The Templeton Foundation asked some heavy-hitter thinkers to answer the question, "Does the Universe Have a Purpose". Some said "Yes" and "Certainly." Others concluded "Unlikely" and "No." Neil deGrasse Tyson -- astrophysicist, director of the Hayden Planetarium, and popularizer of science -- gave an answer that falls technically in the "Not Certain" camp.
Above, you can watch a video where Tyson reads his answer aloud, and the makers of Minute Physics provide the rudimentary animation. One thing astrophysicists have is a knack for putting things into a deeper context, often making "big" human questions look remarkably small (if not somewhat absurd). Carl Sagan did it remarkably well in his famous 'The Pale Blue Dot' speech. And Tyson picks up right where Sagan left off.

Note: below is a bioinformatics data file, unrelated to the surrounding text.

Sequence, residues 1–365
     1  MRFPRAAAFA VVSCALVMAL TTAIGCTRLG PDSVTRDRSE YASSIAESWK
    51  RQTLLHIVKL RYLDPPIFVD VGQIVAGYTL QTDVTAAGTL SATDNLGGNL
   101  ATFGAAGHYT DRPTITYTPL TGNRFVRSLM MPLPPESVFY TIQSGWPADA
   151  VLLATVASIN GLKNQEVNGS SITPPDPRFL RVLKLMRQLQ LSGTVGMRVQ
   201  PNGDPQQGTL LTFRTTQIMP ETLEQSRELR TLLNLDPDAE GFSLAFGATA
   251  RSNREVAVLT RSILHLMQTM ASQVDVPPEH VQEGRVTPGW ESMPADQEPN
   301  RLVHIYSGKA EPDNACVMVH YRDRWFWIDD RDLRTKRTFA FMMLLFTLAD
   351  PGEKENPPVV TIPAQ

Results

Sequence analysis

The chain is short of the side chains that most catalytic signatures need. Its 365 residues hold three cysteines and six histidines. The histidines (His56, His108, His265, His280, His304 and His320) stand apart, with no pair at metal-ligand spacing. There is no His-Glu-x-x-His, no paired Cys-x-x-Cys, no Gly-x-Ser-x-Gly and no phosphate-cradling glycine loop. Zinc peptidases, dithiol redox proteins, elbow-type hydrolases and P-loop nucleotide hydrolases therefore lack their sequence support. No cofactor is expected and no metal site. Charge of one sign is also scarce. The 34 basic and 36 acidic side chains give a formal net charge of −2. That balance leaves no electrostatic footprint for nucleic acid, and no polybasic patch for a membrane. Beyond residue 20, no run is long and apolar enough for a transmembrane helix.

We still live in a world where, despite Copernicus, we think the world revolves essentially around us. And, to the extent that that's true, some will find Tyson's data points disorienting. Others might wonder whether we should angst so much about the questions we perennially ask in the first place. I guess I am kind of there today.